Pixel 6 and Pixel 6 Pro
Pixel 6 and Pixel 6 Pro

The Pixel 6a is rumored to be the next affordable smartphone from Google. But with fresh “leaks” appearing at a near frenzied pace, not all of which are entirely trustworthy, we’ve created this guide detailing the most legitimate looking rumours about the Pixel 6a.

When will it be unveiled?

We expect to see the Pixel 6a unveiled at Google I/O 2022, which kicks off tonight at 10am PDT (6pm in the UK), so you hopefully won’t have to wait long to get the official information on the phone. Trusted Reviews’ team of product experts will be on hand providing real time coverage so make sure to keep checking our homepage for all the latest IO news. You can also the opening keynote yourself, using our handy how to watch Google IO 2022 guide.

What is the Pixel 6a?

At the moment the Pixel 6a is vapourware. Google hasn’t unveiled the handset yet, and the only references to it come from rumors and leaks that have been appearing online over the past year.

The leaks suggest it will a follow up affordable version of the premium Pixel 6 and Pixel 6 Pro we reviewed and recommended last year. This would be in line with Google’s previous phone release strategy with releasing affordable a-series Pixel 3a, Pixel 4a and Pixel 5a variants of its 2019, 2020 and 2021 flagships under a similar model detailed in the leaks.

The only difference is that, if rumors are to be believed, the Pixel 6a’s release will be a little earlier than previous a-series Google phones.

Release Date

The strongest indication yet of this estimated release date came about when Google CEO Sundar Pichai said in an earnings call, “I’m excited about the products we have coming and look forward to sharing more at Google I/O”, firming up the fact that we’ll see some exciting hardware at the event alongside the typically software-focused fare.

Admittedly, this does mark a change to the usual launch schedule for the A series, given that the Pixel 5a and the Pixel 4a were both released in August, but even before Pichai’s hint the evidence had been mounting towards a May launch, starting with the short and sweet tweet (above) from tipster Max Jumbor that was posted back in January.

This supposition was significantly strengthened when DroidLife published Federal Communications Commission documents believed to pertain to the new handset, comprised of four different model numbers: GX7AS, GB17L, G1AZG, and GB62Z. This registration process typically occurs imminently before a launch, so it’s another strong indication that we don’t have to wait much longer for the big day.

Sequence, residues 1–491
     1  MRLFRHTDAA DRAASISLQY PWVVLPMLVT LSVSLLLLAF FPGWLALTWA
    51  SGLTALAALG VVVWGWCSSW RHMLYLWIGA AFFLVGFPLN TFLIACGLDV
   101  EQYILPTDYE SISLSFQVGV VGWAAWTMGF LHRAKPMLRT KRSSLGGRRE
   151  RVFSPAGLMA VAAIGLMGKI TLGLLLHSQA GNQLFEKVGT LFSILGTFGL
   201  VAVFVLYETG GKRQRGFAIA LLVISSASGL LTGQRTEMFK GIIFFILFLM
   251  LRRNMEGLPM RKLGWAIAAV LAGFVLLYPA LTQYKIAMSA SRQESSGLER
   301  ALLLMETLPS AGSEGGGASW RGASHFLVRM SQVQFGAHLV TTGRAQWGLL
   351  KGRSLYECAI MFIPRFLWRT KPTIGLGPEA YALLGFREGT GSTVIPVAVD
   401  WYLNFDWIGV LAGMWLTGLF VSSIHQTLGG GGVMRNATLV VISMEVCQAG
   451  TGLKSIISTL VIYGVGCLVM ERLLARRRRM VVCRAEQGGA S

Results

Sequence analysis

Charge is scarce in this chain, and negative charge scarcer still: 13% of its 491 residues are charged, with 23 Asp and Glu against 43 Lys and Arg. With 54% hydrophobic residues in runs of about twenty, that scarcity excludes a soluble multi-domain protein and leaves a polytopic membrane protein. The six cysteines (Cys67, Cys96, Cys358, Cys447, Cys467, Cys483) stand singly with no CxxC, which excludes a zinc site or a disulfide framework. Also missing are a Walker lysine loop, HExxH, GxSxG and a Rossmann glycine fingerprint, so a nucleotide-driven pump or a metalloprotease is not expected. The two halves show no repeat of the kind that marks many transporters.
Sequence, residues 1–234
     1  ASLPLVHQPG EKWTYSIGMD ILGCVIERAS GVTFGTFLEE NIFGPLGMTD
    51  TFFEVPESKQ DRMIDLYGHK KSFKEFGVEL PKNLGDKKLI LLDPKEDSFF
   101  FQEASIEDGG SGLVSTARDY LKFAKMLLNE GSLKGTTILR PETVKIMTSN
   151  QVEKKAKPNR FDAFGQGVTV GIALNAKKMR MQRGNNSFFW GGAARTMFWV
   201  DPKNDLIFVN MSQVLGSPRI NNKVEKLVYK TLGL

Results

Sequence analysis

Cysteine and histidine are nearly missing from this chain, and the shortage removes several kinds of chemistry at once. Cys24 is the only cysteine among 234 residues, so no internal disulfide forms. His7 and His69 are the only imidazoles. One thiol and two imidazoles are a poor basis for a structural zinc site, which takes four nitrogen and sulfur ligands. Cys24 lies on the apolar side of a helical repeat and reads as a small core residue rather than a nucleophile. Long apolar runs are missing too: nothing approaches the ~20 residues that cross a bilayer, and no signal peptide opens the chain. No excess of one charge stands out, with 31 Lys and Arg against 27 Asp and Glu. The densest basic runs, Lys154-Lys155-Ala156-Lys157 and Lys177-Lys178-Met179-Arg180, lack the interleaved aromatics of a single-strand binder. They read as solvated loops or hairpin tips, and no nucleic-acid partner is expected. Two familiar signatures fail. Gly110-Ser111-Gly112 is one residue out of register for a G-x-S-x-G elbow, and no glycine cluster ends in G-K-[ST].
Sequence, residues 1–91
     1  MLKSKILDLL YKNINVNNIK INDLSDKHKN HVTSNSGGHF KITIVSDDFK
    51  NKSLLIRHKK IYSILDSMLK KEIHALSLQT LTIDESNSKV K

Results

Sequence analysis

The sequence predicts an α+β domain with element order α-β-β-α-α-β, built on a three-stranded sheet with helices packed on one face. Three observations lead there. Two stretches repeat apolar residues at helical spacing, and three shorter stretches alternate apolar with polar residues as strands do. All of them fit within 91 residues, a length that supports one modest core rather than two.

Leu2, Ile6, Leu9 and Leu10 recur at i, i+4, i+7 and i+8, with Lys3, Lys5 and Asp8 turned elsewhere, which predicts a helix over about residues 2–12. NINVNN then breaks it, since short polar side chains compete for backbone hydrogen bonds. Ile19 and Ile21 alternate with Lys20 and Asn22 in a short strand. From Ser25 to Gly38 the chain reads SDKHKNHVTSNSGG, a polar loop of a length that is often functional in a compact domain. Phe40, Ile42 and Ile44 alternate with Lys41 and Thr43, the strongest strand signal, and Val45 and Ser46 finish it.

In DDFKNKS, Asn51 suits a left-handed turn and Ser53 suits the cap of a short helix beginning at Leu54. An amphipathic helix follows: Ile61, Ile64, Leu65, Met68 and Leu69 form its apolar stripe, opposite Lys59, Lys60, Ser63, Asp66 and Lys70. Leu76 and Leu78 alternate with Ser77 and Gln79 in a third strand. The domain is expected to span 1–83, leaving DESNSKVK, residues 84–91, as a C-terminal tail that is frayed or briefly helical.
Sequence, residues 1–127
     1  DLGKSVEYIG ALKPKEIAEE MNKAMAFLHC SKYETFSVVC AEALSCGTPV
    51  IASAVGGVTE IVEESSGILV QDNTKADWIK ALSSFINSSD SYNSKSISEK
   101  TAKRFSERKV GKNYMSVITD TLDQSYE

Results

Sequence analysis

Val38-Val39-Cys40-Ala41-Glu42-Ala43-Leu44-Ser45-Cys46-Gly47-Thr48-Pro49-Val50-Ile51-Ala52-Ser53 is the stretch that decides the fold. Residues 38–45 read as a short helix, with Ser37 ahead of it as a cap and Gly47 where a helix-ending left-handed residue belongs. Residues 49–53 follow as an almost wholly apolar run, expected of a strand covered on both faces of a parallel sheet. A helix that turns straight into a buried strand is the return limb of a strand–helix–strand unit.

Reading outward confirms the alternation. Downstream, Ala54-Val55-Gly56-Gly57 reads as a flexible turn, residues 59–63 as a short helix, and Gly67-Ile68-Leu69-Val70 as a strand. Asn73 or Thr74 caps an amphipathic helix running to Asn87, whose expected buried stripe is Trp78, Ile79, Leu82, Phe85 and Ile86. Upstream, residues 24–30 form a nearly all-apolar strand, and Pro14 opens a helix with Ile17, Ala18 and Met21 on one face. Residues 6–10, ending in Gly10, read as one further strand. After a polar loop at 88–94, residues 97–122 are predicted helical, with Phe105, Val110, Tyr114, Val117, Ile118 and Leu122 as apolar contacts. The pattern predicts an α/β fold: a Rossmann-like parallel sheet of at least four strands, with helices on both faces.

Additionally, it’s also highly probable that the very same launch event could be the the launching pad for the much-rumoured Pixel Watch, Google’s first own-brand smartwatch intended to rival the likes of the Apple Watch Series 6. We’ll just have to wait and see if that comes to pass, but it’s certainly plausible that the two devices could share the spotlight on one of Google’s biggest stages.


Our strongest impression yet as of the Pixel 6a’s appearance arrived in the form of a photo of its product packaging:

Pixel 6a leaked packaging
Image: Techxine

This picture was first published by Techxine, which received it from an anonymous source. Evidently the design is incredibly similar to that of the Pixel 6 – however, it does seem to notably miss out on the neat two-tone colour scheme boasted by that and the Pixel 6 Pro.

Previously, the Twitter tipster @OnLeaks had showcased his impression of what the Pixel 6a could look like, and he’s obviously also expecting a continuation of the design language from this budget phone’s premium siblings. It looks almost identical to that image on the packaging box above, though in a different colour scheme, and according to the annotations it will have a 6.2-inch screen.

Even more evidence appeared in the form of the aluminium production dummy pictured above, posted by the tweeter xleaks7. It further confirms our strong suspicions about the design, and is shown in the hand as a useful frame of reference to the actual size of the finished handset.